Me on Runkeeper
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Miles logged last week: 25.77
Time logged last week: 5:21:27
Weeks until race: 10
Weight: 157

Sweaty Josh picture of the week


Performing life as an act of love

This guy right here is a mixed martial arts fighter named Justin Wren.

This is also him.

Filming with Beyond Creative in Missouri today for a national Anti-bullying campaign in schools 🙂

A photo posted by Justin "The Viking" Wren (@thebigpygmy) on

And if you need a size comparison, he's the dude in jeans here, picking up that other giant fighter.

He's 28 years old, and is now fighting professionally for the first time in five years. That time off? It wasn't an injury. It wasn't a suspension. It was a time of building a life of love.

Let's look at more pictures. Like one of him tickling pygmy children in the Congo.

It's pretty easy to be the tickle fight champion when it's 2-1 #FightForTheForgotten

A photo posted by Justin "The Viking" Wren (@thebigpygmy) on

Or showing the pygmy people photos of themselves for the first time.

Seeing pics of themselves for the FIRST time! #fightfortheforgotten

A photo posted by Justin "The Viking" Wren (@thebigpygmy) on

Or having his hair done.

That's fun. Let's see video of that.

Or as long as we're sharing videos, how about the first time the people he's helping saw a white guy?

Wren quit fighting through what probably could have been his strongest years — his mid-20s — to start a nonprofit to help the Mbuti Pygmy people get clean water. Fight for the Forgotten and its partner, Water4, dig wells to draw clean water for a people who are enslaved. Workers go to the fields for oppressors to earn two bananas a day to share among families of four — it's just enough food to keep them healthy enough to work, and it keeps them coming back to work because they need the food.

These are people who are still using army ants to stitch wounds — they have the ants bite the wound, then break off the body, leaving the fangs in to act as staples.

Wren has suffered malaria, parasites and other tropical diseases. His organization employs 17 people full time, but has dismissed more than that to find the right people — people who can survive dense jungle for a month or two at a time, return to the U.S. for a couple of weeks to recover, then go back.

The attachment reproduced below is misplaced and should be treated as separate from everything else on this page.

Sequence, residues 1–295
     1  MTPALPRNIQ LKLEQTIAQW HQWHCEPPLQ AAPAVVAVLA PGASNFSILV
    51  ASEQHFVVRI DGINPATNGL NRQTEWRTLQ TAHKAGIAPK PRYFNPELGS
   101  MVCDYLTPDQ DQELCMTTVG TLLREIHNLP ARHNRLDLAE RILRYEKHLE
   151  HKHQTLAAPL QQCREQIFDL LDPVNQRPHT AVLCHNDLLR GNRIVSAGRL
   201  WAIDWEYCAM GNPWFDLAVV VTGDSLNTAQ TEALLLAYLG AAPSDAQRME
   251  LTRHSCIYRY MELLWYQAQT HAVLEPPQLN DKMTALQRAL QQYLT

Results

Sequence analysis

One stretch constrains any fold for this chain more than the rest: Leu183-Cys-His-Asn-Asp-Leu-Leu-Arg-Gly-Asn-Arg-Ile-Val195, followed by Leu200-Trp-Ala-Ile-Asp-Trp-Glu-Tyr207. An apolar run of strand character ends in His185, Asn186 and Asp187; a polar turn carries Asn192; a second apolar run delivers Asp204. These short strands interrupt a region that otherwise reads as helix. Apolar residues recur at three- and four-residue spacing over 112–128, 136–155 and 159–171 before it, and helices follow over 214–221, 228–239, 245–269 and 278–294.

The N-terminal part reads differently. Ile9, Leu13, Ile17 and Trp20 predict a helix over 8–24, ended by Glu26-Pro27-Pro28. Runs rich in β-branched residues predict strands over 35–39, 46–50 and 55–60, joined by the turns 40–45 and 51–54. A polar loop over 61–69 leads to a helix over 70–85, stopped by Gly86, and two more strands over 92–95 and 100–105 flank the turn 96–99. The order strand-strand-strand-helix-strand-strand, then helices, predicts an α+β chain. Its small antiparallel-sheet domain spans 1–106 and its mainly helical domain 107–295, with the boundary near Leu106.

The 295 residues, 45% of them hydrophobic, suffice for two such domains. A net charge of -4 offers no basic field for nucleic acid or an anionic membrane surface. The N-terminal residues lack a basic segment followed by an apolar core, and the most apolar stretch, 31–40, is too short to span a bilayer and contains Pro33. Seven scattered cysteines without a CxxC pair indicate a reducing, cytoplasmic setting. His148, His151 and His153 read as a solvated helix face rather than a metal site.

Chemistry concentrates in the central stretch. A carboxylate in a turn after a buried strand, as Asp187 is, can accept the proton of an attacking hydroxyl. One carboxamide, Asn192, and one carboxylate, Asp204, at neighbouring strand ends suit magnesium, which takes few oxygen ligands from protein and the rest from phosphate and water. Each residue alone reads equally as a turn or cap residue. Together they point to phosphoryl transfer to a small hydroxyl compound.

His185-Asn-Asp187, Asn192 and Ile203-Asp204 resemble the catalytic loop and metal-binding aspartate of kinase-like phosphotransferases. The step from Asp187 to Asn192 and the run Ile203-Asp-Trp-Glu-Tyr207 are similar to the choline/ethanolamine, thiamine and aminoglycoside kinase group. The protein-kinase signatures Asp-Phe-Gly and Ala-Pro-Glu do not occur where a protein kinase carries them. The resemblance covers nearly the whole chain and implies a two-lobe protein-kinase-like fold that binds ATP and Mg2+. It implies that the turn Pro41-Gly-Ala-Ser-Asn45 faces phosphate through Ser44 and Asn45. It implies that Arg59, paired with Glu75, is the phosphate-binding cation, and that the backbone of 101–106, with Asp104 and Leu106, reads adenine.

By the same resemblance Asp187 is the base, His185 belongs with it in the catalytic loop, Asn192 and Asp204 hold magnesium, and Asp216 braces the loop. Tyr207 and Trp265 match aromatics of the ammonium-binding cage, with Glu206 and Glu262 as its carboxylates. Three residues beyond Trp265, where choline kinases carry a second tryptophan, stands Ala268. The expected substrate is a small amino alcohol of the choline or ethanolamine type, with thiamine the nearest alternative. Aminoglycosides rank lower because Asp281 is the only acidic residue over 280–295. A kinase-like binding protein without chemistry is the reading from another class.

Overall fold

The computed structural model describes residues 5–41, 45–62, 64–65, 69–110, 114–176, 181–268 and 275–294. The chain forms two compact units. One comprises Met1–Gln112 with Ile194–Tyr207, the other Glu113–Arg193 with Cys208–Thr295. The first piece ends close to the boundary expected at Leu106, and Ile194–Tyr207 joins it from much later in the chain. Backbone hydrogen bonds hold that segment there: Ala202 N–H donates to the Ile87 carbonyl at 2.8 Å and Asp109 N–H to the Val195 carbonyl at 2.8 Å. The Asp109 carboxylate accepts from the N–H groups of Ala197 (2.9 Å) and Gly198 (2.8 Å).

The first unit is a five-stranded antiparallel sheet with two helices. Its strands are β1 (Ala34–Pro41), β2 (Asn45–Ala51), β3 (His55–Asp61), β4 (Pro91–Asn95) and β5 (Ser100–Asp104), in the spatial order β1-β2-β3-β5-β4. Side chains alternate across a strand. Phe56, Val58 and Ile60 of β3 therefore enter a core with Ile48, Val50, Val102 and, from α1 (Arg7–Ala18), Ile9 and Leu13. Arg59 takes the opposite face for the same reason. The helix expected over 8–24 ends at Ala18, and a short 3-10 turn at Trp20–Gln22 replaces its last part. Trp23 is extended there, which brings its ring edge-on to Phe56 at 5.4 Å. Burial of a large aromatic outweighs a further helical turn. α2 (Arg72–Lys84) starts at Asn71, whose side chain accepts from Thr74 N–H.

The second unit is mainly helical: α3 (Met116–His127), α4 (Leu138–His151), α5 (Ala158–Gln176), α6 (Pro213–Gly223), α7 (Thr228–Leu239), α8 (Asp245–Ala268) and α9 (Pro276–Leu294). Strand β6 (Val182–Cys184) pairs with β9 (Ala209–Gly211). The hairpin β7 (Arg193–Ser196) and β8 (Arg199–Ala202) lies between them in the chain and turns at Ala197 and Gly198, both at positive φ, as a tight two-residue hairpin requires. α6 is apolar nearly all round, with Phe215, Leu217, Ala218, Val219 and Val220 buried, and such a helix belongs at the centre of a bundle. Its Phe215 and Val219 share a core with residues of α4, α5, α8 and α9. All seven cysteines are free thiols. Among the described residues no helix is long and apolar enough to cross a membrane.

He's back to fighting so that he can raise further awareness, and he's a partner in a documentary on his journeys.

He was on Joe Rogan's podcast this week (he's been on before), and around the one hour, 20 minute mark, he renders Rogan pretty much speechless. It's really amazing listening to Wren talk with such passion and humility, especially while Rogan explains to him that in a few generations, he's going to enter tribal mythology. As a giant, white, hairy myth.

From Wren's Kickstarter campaign.

If you're looking for more love, you should also listen to Kevin Rose's discussion with Scott Harrison of charity:water, which I've mentioned before here.

Now, the question I pose to you is: Could you love anything this much?

First half marathon diary, Weeks 11-12

Happy Monday, friends!

Well, Week 11 was kinda crappy to start. On Wednesday, I was scheduled for five miles and gave up after 4.3. On Thursday, I was scheduled for four, but ran three — though I did average under 10 minutes per mile for those three. After 16 hours in the car Friday, though, I did eight strong miles in Central New York.

Week 12, I was lucky enough to do five runs in four different cities, and I shuffled the days and mileage. I was scheduled for four miles Tuesday, six Wednesday, four Thursday, nine Saturday and a recovery run Sunday. Instead, I ran four Monday in Western Massachusetts, nine Wednesday in Central New York, six Friday in Charleston and four Saturday back in Savannah, with my recovery run also in Savannah.

Most impressive in all that, apart from running on vacation food and lots of travel, is that I ran nearly two full miles longer than I did in Week 10, adding only two minutes to my time. I'm sure the pace will slack this coming week, putting me on the road longer, since I'll be running in 80-plus degree weather with 90-plus percent humidity instead of the 65-degree temperatures and 30 percent humidity I ran in up north. But onward we go.


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Miles logged last week: 25.47
Time logged last week: 4:38:57
Weeks until race: 11
Weight: 158

Sweaty Josh picture of the week

2015-08-15 09.24.58